Now there’s two exemptions for software preservation. One that’s specific to video games that require an external server connection and one that sort of covers all other software. It’s laid out even more confusingly than that in the actual final role, that the copyright office put out, but that’s basically the gist. I’m going to talk about the exemption for software, for everything, all software that’s not a video game that requires an external server for game play in this context. That’s the first sort of… that’s another caveat. Another thing to keep in mind.

Then we ask whether the software is eligible. There’s a couple of criteria here, but frankly this is like not super complicated. The computer program must have been lawfully acquired, which means either like licensed or purchased. I think inevitably every time I’ve talked about this I have gotten a specific question about, “Hey, is this kind of specific thing off we acquired?” But the answer is it’s kind of hard to tell. Sort of off the cuff, it’s not a particularly well-defined term. I think that if you have something specific that you’re thinking about talking to an attorney, or coming and talking to the Cyber Law Clinic, we would be happy to help you figure it out.

The next sort of criteria, and this is the big limiting factor on this exemption, is that the computer software must no longer be reasonably available on the commercial marketplace. This was the major concession that we made during the course of the exemption process in order to get rights holders to be more comfortable with the sort of broad preservation exemption. What does it mean to be reasonably available in the commercial marketplace? Well, it can be specific to a particular version. If Word is still being sold as Word 2018 or 2019, I don’t know at this point they’re probably running four years ahead.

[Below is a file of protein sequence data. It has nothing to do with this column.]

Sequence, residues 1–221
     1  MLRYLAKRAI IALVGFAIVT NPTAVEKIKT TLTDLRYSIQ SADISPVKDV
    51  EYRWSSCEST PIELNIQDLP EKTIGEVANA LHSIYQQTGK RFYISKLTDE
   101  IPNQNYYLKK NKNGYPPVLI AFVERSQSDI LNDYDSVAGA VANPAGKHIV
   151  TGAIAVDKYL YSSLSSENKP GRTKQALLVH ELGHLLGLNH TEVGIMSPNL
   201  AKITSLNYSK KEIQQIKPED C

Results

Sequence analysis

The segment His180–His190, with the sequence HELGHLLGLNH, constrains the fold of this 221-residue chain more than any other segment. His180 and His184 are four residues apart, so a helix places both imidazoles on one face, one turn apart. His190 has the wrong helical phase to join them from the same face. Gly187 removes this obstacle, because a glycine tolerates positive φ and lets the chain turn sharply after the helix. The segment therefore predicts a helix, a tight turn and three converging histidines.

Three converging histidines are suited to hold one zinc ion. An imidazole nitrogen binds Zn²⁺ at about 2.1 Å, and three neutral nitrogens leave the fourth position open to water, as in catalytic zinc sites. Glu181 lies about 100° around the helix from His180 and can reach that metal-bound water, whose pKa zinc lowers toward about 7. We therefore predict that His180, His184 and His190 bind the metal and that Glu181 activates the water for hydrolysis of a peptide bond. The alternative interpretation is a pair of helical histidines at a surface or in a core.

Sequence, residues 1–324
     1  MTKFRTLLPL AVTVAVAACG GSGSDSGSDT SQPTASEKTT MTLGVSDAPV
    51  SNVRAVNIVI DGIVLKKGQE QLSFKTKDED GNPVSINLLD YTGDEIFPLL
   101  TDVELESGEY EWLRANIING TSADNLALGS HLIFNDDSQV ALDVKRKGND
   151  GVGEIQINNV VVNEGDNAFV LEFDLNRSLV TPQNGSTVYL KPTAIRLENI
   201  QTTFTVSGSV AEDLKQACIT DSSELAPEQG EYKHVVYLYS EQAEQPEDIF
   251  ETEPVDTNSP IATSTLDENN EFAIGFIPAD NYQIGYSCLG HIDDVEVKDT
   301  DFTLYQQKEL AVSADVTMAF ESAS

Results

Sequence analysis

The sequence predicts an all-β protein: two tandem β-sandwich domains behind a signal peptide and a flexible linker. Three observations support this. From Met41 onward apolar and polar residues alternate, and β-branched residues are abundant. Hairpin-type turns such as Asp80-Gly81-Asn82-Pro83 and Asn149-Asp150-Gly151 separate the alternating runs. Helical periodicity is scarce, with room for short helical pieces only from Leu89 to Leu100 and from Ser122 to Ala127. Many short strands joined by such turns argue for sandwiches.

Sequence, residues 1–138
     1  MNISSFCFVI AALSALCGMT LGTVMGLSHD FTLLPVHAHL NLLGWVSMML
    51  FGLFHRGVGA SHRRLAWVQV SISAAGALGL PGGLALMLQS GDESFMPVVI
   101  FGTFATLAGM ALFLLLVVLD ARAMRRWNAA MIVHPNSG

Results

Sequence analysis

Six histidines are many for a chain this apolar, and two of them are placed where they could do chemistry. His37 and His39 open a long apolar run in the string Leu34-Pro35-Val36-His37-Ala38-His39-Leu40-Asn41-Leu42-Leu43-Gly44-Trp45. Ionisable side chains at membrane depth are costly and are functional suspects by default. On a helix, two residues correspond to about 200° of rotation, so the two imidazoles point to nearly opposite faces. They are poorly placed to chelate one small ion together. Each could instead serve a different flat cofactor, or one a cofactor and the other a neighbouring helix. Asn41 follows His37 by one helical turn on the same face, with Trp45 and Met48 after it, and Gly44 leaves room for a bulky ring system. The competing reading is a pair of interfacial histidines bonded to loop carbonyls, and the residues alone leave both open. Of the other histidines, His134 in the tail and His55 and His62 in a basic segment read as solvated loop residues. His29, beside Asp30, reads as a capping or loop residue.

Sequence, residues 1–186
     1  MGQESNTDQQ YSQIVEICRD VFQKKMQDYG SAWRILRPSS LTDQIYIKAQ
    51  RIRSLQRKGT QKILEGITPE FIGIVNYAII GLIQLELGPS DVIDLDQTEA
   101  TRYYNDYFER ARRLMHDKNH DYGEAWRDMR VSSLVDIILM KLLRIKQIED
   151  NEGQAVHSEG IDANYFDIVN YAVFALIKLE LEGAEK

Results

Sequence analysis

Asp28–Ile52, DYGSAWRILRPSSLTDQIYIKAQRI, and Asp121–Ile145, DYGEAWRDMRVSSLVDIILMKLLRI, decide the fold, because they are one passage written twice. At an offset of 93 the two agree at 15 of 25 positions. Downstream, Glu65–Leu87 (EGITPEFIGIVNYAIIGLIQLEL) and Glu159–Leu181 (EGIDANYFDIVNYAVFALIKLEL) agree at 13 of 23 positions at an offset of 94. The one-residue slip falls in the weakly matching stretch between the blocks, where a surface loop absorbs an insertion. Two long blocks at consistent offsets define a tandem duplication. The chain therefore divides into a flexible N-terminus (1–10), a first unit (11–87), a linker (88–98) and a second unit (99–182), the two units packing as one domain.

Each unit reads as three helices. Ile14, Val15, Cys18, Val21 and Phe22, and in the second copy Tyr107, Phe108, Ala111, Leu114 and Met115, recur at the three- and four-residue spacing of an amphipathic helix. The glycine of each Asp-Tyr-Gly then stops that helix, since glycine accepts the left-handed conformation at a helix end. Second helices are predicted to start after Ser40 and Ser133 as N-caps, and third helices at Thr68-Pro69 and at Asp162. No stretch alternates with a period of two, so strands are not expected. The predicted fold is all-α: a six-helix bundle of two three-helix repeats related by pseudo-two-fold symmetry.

We’re probably already in Word 2025 or something. That is, if they’re even actually marketing standalone software anymore and it’s not just Office 365. But, if you wanted to preserve a copy of Word 2003, just because Microsoft is selling leader versions of Word, that doesn’t mean that it’s reasonably available in the commercial market. The other thing is that the secondhand stores don’t count, which is to say that even if you could potentially by old copies of software on eBay, that does not necessarily make it reasonably available such that you can’t preserve it. The question here basically is, is the manufacturer or original distributor of the software is still selling it, if not, then you can go ahead and preserve it under the exception.

Then as Krista mentioned, there’s some rules about the kinds of preservation activities you can undertake under the exemption. I think about this as preservation activity eligibility, the sole purpose of the circumvention activity must be for lawful preservation of the computer program or digital materials depending on a computer program. What that means is if you don’t really care about preserving a certain version of AutoCAD, but you do need to preserve particular files that run off that version of AutoCAD, you can still preserve that version of AutoCAD.

This is an important thing to note because of the version dependencies of some software files. The preservation can’t be for direct or indirect commercial advantage pretty straightforward, or straightforward as anything around your debts. The preservation activity must be non infringing. So if you’ve watched the very many previous webinars in the series, you’ll know maybe a little bit more about that, but it can be non infringing because the software is not copyrighted. For example, if it was a software produced by the US government, because you have permission, because section 108 applies, which is the library exemptions to the copyright act or because the use fair see episode four. Those are all reasons that preservation activity may be eligible, there may be others as well.